Aprilia Dorsoduro 750 Sport Bike

Aprilia Dorsoduro Review – Hypermotard Killer?

8/8/2008 3:13 PM

2008 Aprilia Dorsoduro Review

Supermoto Style Done Just Right

story by Yossef Schvetz, Photograph by Piaggio, Created Jul. 31, 2008

Here’s a tip for Aprilia’s sales floor managers: If a potential Dorsoduro buyer walks into your dealership, blindfold him and seat him on the Dorsoduro, start the engine and let him play with the throttle. Another sale – done.

It’s been a long, long time since an engine’s sound got me so horny, provoking uncontrollable spasms in my annular muscles down there and unhealthy tension in my branded knickers. In our PC/castrated- exhaust era, we’ve seemingly forgotten just how important the aural appeal of a bike really is. Need more?

The Dorso’s sound could be likened to a good mix of industrial techno grind with Uzi sub-machine gun at full chat undertones, and it perfectly depicts this little mean machine’s attitude: Nervous, raring to go, craves for your inputs at any given moment and responds to them with infantile enthusiasm.

The visual side of this multimedia experience doesn’t lag behind. This is Miguel Galuzzi’s first full project at Aprilia, and it’s not hard to see that the guy burned the midnight oil, sketching and modeling foams deep into the night. I am downright tented to define the Dorsoduro as his finest creation ever, and that’s quite a compliment considering that Galuzzi penned the original Ducati Monster.

It’s not easy to find other scoots that have such a precise and well-defined vision, such an array of well-distilled and exciting forms. In my eyes, the Dorsoduro can take a well-deserved pole position in the “moto design” starting grid, sharing the front row with other luminaries such as the Hypermotard and the last version of KTM’s 990 supermoto. As we’ll see, it’s addressed at quite a different type of rider, but that’s for later.

So then, former Aprilia president Ivano Beggio isn’t around anymore, and Piaggio, the big Italian two-wheeled mama holds the reins. But still, this bike really captures the pioneering spirit of Aprilia, being daring, original, high-techy and, as noted, the design could burn holes through walls. Just a mid-sized supermoto, and yet Aprilia put its best engineering resources into this one, and the result is quite original in that sense.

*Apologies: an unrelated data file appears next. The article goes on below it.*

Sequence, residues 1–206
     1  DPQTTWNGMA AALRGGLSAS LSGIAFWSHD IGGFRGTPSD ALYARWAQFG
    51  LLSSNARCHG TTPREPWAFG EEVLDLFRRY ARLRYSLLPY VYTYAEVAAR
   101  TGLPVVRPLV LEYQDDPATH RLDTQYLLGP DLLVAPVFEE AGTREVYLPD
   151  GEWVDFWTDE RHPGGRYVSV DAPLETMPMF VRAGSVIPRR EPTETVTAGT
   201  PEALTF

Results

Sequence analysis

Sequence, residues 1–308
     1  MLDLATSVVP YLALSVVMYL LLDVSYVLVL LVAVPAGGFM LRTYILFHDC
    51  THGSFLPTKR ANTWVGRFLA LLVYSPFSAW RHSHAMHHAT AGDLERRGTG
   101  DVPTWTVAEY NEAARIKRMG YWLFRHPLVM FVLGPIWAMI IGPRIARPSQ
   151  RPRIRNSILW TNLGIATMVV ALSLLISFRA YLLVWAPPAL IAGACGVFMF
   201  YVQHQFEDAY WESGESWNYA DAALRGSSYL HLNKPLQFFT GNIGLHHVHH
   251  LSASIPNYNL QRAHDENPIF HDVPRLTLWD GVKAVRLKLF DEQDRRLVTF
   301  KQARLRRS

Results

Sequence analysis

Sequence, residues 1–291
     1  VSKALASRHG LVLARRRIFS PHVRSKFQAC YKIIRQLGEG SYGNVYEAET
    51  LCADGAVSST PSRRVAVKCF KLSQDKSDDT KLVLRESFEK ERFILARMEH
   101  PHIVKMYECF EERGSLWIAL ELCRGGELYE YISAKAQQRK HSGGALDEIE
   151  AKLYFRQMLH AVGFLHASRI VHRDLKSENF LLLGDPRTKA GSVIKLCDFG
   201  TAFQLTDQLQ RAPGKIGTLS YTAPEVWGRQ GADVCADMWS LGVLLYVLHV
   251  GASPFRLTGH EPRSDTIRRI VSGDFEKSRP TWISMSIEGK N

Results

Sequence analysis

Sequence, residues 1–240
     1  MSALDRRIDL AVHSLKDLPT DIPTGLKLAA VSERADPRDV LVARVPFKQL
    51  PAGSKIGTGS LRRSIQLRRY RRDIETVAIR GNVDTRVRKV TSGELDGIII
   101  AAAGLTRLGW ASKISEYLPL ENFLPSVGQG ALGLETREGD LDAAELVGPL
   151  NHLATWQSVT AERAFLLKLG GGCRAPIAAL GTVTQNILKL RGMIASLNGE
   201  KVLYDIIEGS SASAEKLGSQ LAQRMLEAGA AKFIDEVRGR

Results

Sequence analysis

It’s easy to start from the cycle side of things, as the frame borrows heavily from the last small Twins family, the SXV/RXV 450-550 twins. Not a bad bloodline, as the smaller V-Twins have conquered already a world supermoto championship or two. Just like in those, the front part of the frame is steel tube trellis affair that meet cast ally members midway above the mill’s V center.

It’s cool-looking even if it reminds a me a bit of the MV F4’s solution, not a bad inspiration source after all.

The engine’s just as high tech. Not yet another Big Twin but a 750 and that’s already a sign that something is different. Unlike the last crop of 1000cc-plus Twins that need to sacrifice the perfect balance 90-degree angle in order to keep bulk in check (see Buell, KTM, Morini), by being smaller, Aprilia’s Twin has that magic number between its jugs.

No wonder that on the saddle this engine felt really smooth. A stacked gear-shaft layout keeps the mill’s length in check in order to maximize swingarm length.

But the real gem is the full fly-by-wire throttle that fully controls the butterfly valves in the throttle bodies according to the inputs from the rider’s right hand. Aprilia has been among the first manufacturers to play with ride-by-wire in its MotoGP contender, the RS3 CUBE 990. Although Yamaha has beaten Aprilia in the race for a production system with its R6, it’s interesting that the guys from Noale still went for such a system in a non-all-out performance tool like the Dorsoduro.

By gaining total command from the engine, Aprilia didn’t have much trouble in adding three different power settings. A rider can toggle between Rain, Standard and Sport. Guess where I left it most of the time….

The most interesting bit of spec about this new engine is not the impressive 92 claimed horsepower, a healthy output that should put Ducati’s Hypermotard 1100 under some pressure. It’s actually the fact that a peak torque of 60 lb./ft is achieved at a lowly 4500 rpm, smack in the middle of the powerband! Aprilia wisely chose to go for friendly and available torque rather than record numbers.

If with such a mild state of tune this little V is capable of 92 hp at 8750 rpm, then with some simple hot-rodding, it should be able to rev up to 12K and deliver 600SS numbers. Don’t be surprised if super sporty middleweight shows up in Aprilia’s line up sooner than later.